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Sony To Offer iPod Competitor

The iPod may finally have a serious competitor.

The company that brought us the Walkman is entering the hard disk music player arena now dominated by its trendsetting-rival Apple Computer Inc.

Sony Corp. plans to unveil Thursday its newest Walkman, a palm-sized, aluminum-encased player that can store up to 13,000 songs on its 20-gigabyte, 1.8-inch hard drive, and promises 30 hours of playback on a rechargeable battery.

Weighing 3.8 ounces, the new Sony NW-HD1 is smaller and lighter than the iPod's 15-, 20- and 40-gigabyte models, and just slightly larger than the 4-gigabyte iPod Mini. Sony claims the portable player is the smallest of its class.

The product will be available in mid-August for less than $400, Sony said.

Then the face-off will begin.

"I'd call it an iPod challenger, and one that will keep Apple on its toes," said Richard Doherty, an industry analyst with The Envisioneering Group.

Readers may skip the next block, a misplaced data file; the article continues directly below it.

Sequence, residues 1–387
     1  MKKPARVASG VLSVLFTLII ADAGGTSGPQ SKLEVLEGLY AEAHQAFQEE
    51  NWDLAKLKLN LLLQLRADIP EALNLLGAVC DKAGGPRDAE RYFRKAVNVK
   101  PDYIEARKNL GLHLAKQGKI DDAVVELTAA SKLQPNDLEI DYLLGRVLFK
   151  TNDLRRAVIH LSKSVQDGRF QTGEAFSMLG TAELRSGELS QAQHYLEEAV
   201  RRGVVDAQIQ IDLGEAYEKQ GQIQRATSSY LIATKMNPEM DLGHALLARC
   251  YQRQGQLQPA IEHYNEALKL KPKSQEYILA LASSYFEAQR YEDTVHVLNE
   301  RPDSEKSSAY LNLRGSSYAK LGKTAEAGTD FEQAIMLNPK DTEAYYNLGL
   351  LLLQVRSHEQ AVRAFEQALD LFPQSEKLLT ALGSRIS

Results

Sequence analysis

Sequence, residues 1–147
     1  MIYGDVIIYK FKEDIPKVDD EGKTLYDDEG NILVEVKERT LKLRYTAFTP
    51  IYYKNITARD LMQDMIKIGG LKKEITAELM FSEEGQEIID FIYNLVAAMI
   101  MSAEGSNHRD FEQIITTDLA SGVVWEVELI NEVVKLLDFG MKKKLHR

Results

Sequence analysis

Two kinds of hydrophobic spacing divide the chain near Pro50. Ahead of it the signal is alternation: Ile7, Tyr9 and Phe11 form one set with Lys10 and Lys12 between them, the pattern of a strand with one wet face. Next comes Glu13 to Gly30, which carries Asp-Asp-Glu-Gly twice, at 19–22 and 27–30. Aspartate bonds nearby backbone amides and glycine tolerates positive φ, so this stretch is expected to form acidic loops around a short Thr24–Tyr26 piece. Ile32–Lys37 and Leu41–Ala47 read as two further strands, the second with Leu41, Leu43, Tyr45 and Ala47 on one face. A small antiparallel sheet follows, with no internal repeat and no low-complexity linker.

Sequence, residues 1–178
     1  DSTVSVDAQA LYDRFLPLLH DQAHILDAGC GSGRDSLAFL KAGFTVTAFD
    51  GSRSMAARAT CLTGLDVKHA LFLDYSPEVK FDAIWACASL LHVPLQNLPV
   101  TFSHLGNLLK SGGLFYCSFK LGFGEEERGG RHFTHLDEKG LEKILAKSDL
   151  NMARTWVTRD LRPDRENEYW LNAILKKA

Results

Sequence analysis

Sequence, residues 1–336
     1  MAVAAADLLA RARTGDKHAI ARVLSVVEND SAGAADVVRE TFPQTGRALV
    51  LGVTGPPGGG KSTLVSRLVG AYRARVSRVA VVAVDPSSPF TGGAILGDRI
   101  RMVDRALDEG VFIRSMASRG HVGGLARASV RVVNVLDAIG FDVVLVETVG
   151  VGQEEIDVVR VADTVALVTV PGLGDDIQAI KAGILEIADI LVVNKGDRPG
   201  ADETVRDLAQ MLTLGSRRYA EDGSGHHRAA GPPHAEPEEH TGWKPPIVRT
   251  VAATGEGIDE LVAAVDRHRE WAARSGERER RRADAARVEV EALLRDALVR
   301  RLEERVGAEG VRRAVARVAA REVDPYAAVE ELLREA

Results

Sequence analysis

Apple was not the first to introduce a high-capacity hard-disk portable music player, but its October 2001 launch of the iPod defined the market. The product's runaway success — with an estimated 3 million units sold — has since drawn other rivals, including Dell and Samsung.

Still, Apple leads with about a 60 percent share of the hard-disk drive player segment in the United States, and about 30 percent of all portable music players, according to Michael Goodman, an analyst at The Yankee Group market research firm.

Sony's sleek new Walkman is a highly-anticipated and belated entry but will likely be Apple's fiercest competitor yet, Doherty predicts.

"These are two aging entrepreneurs who are incredibly well-driven internally to exceed what they did just the month before," he said. "It'll be great to finally have these two in the same playing field."

Of course, portable music isn't new to Sony. It pioneered the category when it introduced the original Walkman in 1979.

But in the past few years, analysts say Sony lost some of its luster as it aggressively pushed mini disc-based music players, and sales — except for Japan — fell short of expectations.

"Apple's iPod came out, and it was so successful, it really forced Sony's hand," Goodman said.

By May Wong

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